Investigating boredom and engagement during writing using multiple sources of information: The essay, the writer, and keystrokes

Laura K. Allen, Caitlin Mills, Matthew E. Jacovina, Scott Crossley, Sidney D'mello, Danielle McNamara

Research output: Chapter in Book/Report/Conference proceedingConference contribution

12 Scopus citations

Abstract

Writing training systems have been developed to provide students with instruction and deliberate practice on their writing. Although generally successful in providing accurate scores, a common criticism of these systems is their lack of personalization and adaptive instruction. In particular, these systems tend to place the strongest emphasis on delivering accurate scores, and therefore, tend to overlook additional indices that may contribute to students' success, such as their affective states during writing practice. This study takes an initial step toward addressing this gap by building a predictive model of students' affect using information that can potentially be collected by computer systems. We used individual difference measures, text indices, and keystroke analyses to predict engagement and boredom in 132 writing sessions. The results suggest that these three categories of indices were successful in modeling students' affective states during writing. Taken together, indices related to students' academic abilities, text properties, and keystroke logs were able classify high and low engagement and boredom in writing sessions with accuracies between 76.5% and 77.3%. These results suggest that information readily available in writing training systems can inform affect detectors and ultimately improve student models within intelligent tutoring systems.

Original languageEnglish (US)
Title of host publicationLAK 2016 Conference Proceedings, 6th International Learning Analytics and Knowledge Conference - Enhancing Impact: Convergence of Communities for Grounding, Implementation, and Validation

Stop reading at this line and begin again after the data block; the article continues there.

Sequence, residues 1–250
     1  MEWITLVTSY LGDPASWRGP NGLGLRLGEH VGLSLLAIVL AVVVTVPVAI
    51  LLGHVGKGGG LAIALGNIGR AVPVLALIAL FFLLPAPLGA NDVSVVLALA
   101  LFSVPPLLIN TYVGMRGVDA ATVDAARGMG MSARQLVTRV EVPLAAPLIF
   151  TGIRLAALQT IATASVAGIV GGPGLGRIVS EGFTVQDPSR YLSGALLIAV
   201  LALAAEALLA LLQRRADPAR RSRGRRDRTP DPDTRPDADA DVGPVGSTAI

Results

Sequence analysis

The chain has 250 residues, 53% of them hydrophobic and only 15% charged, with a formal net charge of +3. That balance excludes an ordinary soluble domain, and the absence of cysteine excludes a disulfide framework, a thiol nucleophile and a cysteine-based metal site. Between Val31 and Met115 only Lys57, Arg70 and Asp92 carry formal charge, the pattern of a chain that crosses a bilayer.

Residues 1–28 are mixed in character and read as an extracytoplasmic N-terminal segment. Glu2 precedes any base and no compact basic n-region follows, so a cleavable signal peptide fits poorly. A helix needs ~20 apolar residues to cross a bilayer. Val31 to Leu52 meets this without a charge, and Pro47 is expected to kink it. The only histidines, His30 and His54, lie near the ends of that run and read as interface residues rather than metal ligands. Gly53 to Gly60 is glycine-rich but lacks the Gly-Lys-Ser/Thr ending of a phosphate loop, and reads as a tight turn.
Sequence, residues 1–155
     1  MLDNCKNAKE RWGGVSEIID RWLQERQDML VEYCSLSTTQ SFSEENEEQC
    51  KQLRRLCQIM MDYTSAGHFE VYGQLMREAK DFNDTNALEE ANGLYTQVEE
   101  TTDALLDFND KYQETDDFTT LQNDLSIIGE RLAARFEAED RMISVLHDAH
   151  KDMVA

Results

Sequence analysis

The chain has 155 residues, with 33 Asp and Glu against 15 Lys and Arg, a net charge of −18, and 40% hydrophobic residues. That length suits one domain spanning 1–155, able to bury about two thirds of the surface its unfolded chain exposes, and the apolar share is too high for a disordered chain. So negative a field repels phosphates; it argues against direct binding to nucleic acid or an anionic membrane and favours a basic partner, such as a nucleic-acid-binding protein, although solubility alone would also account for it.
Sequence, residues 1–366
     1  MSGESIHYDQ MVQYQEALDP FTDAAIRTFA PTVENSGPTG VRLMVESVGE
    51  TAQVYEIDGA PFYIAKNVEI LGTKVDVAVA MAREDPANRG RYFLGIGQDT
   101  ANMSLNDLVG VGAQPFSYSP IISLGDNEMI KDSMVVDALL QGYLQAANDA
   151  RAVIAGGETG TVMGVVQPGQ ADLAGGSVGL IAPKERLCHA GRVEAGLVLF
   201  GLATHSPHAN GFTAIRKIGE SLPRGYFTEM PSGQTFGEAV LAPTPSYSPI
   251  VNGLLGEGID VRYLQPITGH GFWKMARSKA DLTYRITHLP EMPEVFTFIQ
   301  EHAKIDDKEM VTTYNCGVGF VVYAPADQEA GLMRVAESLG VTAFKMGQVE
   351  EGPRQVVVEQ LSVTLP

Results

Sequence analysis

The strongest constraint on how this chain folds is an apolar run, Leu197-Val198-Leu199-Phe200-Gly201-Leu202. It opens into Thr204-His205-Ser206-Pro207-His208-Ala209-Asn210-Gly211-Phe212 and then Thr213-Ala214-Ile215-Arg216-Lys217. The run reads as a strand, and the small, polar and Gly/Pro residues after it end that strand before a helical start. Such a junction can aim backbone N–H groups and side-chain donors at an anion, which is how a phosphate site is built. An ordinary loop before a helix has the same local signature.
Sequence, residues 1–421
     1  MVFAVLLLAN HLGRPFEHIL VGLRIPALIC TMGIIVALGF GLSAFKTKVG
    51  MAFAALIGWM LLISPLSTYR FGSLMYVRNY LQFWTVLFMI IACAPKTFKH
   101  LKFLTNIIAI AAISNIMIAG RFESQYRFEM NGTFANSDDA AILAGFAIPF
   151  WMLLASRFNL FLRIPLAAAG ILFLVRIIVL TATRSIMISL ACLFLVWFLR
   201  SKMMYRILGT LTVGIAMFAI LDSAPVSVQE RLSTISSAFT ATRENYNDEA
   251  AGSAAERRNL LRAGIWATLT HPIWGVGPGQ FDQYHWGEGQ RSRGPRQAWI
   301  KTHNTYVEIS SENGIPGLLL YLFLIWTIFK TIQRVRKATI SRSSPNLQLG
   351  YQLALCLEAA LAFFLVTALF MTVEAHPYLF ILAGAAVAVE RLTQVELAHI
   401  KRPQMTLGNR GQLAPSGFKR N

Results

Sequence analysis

PublisherAssociation for Computing Machinery
Pages114-123
Number of pages10
Volume25-29-April-2016
ISBN (Electronic)9781450341905
DOIs
StatePublished - Apr 25 2016
Externally publishedYes
Event6th International Conference on Learning Analytics and Knowledge, LAK 2016 - Edinburgh, United Kingdom
Duration: Apr 25 2016Apr 29 2016

Other

Other6th International Conference on Learning Analytics and Knowledge, LAK 2016
CountryUnited Kingdom
CityEdinburgh
Period4/25/164/29/16

Keywords

  • Corpus linguistics
  • Intelligent tutoring systems
  • Natural language processing
  • Stealth assessment
  • Writing

ASJC Scopus subject areas

  • Human-Computer Interaction
  • Computer Networks and Communications
  • Computer Vision and Pattern Recognition
  • Software

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    Allen, L. K., Mills, C., Jacovina, M. E., Crossley, S., D'mello, S., & McNamara, D. (2016). Investigating boredom and engagement during writing using multiple sources of information: The essay, the writer, and keystrokes. In LAK 2016 Conference Proceedings, 6th International Learning Analytics and Knowledge Conference - Enhancing Impact: Convergence of Communities for Grounding, Implementation, and Validation (Vol. 25-29-April-2016, pp. 114-123). Association for Computing Machinery. https://doi.org/10.1145/2883851.2883939